Since the end of the movement of the squares, we have seen networks of mutual support cropping up in many cities to stop evictions, of strike committees and neighborhood assemblies, but also cooperatives, for everything and in every sense.
—To Our Friends
“The insurrections have come, finally.”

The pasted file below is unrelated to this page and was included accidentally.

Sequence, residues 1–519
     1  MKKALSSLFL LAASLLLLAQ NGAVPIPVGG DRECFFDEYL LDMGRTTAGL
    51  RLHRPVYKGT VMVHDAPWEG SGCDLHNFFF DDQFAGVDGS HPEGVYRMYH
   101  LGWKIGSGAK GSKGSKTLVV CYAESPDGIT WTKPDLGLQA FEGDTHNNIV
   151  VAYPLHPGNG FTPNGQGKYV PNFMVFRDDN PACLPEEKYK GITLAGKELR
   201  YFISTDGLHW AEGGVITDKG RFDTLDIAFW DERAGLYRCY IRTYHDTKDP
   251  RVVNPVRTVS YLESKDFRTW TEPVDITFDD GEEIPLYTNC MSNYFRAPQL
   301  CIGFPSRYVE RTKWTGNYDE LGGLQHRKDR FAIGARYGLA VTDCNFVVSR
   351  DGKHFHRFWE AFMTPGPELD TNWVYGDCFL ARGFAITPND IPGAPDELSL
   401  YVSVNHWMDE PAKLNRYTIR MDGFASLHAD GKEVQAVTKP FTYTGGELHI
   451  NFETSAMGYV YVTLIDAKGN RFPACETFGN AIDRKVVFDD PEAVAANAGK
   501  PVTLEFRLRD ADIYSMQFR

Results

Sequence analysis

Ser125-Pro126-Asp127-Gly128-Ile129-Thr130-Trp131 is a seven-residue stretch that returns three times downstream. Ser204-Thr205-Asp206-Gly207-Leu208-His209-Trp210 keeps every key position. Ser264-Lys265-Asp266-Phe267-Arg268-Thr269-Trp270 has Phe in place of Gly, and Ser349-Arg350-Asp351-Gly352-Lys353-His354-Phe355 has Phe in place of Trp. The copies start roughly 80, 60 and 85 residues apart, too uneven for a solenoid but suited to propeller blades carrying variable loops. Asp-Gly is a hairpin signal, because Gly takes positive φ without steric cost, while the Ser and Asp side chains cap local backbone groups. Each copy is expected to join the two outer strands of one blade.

To Our Friends, The Invisible Committee’s most recent book, appears a little over seven years after 2007’s The Coming Insurrection. Its opening sentence—“The insurrections have come, finally”—savors a note of vindication. Sympathetic readers will indulge them this small triumph, and give them their due. There is little doubt that since the publication of The Coming Insurrection we have witnessed, on a global scale, a welter of riots and revolts the likes and intensity of which have not been seen for 40 years. “Ten years ago,” the authors go on, “predicting an uprising would have exposed you to [...] snickers.” Today, they contend, everyone has on their lips the watchwords of the moment: que se vayan todos! (“out with them all”), or even that old anarchist refrain, all cops are bastards. Rarely do short essays risking themselves in the waters of historical speculation hit their mark. The Invisible Committee was clearly on to something.